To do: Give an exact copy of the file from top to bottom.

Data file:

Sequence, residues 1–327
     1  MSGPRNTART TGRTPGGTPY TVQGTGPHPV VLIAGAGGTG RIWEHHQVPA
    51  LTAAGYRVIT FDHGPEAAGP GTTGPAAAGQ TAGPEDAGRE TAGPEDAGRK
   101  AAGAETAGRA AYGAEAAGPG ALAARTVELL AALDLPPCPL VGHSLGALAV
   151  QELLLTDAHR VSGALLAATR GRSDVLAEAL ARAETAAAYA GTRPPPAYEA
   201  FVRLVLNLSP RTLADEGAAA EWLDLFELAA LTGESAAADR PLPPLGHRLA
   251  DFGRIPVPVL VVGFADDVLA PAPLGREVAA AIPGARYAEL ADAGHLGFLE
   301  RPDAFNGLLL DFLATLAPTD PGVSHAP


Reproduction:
Sequence, residues 1–327
     1  MSGPRNTART TGRTPGGTPY TVQGTGPHPV VLIAGAGGTG RIWEHHQVPA
    51  LTAAGYRVIT FDHGPEAAGP GTTGPAAAGQ TAGPEDAGRE TAGPEDAGRK
   101  AAGAETAGRA AYGAEAAGPG ALAARTVELL AALDLPPCPL VGHSLGALAV
   151  QELLLTDAHR VSGALLAATR GRSDVLAEAL ARAETAAAYA GTRPPPAYEA
   201  FVRLVLNLSP RTLADEGAAA EWLDLFELAA LTGESAAADR PLPPLGHRLA
   251  DFGRIPVPVL VVGFADDVLA PAPLGREVAA AIPGARYAEL ADAGHLGFLE
   301  RPDAFNGLLL DFLATLAPTD PGVSHAP